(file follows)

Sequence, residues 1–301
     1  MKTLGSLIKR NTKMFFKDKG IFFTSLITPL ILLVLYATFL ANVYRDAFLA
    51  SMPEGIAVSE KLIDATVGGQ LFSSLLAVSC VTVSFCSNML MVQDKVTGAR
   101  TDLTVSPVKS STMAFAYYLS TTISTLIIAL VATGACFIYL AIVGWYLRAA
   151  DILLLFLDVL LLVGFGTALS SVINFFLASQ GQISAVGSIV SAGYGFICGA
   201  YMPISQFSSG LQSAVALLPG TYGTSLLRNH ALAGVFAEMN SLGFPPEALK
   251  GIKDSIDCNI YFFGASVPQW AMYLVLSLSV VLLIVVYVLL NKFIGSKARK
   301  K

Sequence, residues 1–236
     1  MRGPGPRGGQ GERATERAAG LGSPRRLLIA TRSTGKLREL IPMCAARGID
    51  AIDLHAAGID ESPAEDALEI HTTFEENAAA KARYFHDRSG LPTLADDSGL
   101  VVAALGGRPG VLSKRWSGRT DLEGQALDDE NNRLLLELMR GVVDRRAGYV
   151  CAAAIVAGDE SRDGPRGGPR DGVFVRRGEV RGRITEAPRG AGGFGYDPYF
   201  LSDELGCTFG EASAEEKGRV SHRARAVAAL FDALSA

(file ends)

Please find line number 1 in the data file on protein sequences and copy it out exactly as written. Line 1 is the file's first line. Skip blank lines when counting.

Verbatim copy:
Sequence, residues 1–301